Why Do We Force It?

Following up on my lovely post about parental alienation, I’m going to tackle the subject of forcing a relationship between the abandoning parent and the child one more time.

So often I see others admonishing a parent to extend grace to the abandoning parent. They’re told to offer up an olive branch, be the bigger person, love their child more than they hate the ex. Make that phone call. Offer up that extra time. Remind them of the school conference. The dance recital. The football game. The Honors assembly.

You hear over and over again: That’s still their other parent. You should encourage a relationship between the two of them. It’s the only mom or dad they have.

Why? Why does everyone put so much stock into this idea that because you share DNA you must have a relationship with that person regardless of how poorly they treat you? Why do we continue to sell this idea that abusive behavior is love?

I’m not suggesting that you tell your kids to cut off their other parent. What I would suggest is that you listen to your children when they tell you they want nothing to do with the other parent. You don’t force it. You don’t lie to them and tell them that this other parent loves them; you don’t know that. And even if it’s true what a shitty example of love. Love is not putting the other woman/other man ahead of your children’s feelings. When the amount of time that has passed since you last saw your child face to face can be measured in years, that is not love. Love is not telling your child you hated every minute of being a parent. Love is not walking out on your responsibilities because you put your happiness ahead of all else. Leaving your child’s other parent, moving out, disrupting their lives as they know them, moving in with another person and their children and/or having another baby, all in the time span of a few months while your child’s head is still spinning is not love. Love is not disappearing and never being heard from again. You don’t get to put another person’s kids ahead of your own, do things with them and for them that you didn’t do for your own, and then get to claim you love your children. Love is not waiting for your children to call you or text you, to reach out to you.

It’s no wonder so many people end up in dysfunctional relationships. We are sold this idea that when people love you they treat you badly. They ignore you. They minimize your needs. They put everyone and everything else before you. Then when you get into a relationship and that person does those things you think, “Oh this feels familiar. It must be love.”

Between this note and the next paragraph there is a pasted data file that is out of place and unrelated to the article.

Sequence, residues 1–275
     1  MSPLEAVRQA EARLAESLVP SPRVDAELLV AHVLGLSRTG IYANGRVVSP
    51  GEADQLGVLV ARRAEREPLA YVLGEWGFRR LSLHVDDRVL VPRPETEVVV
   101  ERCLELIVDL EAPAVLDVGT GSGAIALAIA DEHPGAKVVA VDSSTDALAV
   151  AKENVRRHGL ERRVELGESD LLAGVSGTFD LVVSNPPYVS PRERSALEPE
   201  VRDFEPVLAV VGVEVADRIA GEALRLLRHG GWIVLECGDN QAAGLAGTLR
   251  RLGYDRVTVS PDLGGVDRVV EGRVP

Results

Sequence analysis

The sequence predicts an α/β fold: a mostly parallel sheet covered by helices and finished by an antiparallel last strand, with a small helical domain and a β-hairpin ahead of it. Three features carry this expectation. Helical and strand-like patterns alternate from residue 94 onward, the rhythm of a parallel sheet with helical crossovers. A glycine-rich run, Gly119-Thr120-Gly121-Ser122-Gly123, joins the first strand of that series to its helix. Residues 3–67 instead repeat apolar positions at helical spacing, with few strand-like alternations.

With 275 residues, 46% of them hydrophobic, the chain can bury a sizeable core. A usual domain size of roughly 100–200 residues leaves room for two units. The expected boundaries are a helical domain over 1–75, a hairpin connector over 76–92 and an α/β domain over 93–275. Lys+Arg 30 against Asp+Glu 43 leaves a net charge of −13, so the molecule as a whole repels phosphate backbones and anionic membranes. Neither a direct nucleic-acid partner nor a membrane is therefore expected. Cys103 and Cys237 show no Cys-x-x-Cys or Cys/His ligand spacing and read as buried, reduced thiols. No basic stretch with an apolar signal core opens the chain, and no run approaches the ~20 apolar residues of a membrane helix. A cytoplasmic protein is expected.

It is okay to have boundaries, even at a young age. It is okay for a child to say, “This is unacceptable behavior. I don’t want to be around this person.”  As the sane parent I think it’s inappropriate to try to convince them that those feelings are wrong, or should be stifled so as to not damage a potential relationship. When someone has done something wrong admit it! Stop trying to whitewash it and convince your child that it’s completely reasonable to do the unreasonable. 

It’s also perfectly fine to tell your child, if they ask, “I don’t know why your other parent does those things,” instead of rushing to assure them that the other parent loves them. As my own son says, “He loves me? Really? He’s got a funny way of showing it.”

Again, I’m not trying to encourage people to damage a healthy relationship between a parent and child. I’m not encouraging anyone to badmouth the other parent or to create chaos where there is none. But for the love of all that’s holy, please stop trying to convince your children that people who don’t behave as though they love them, who actually do things that are very hurtful to them, love them. Stop selling abuse and toxicity as love. Stop telling your kids that people who love them hurt them and that’s perfectly normal and acceptable. Give them a chance at a healthy relationship.

One thought on “Why Do We Force It?

  1. My daughter is very clear that any attempt to encourage a relationship between her and her dad is hurtful and unwelcome. As such, I leave it alone.
    My son is somewhat more willing. I helped arrange a call at Christmas. Not because I thought they should, but ex asked me to ask son and I did.

    I think both of my kids are pretty happy and adjusted. I think I’m a more than adequate female and male role model. Better than their dad ever was…even on his best days. He was a fun guy, when we were willing to do what he wanted to do. The kids saw that.

    Ex is missing the best years.

    Anne

    Liked by 3 people

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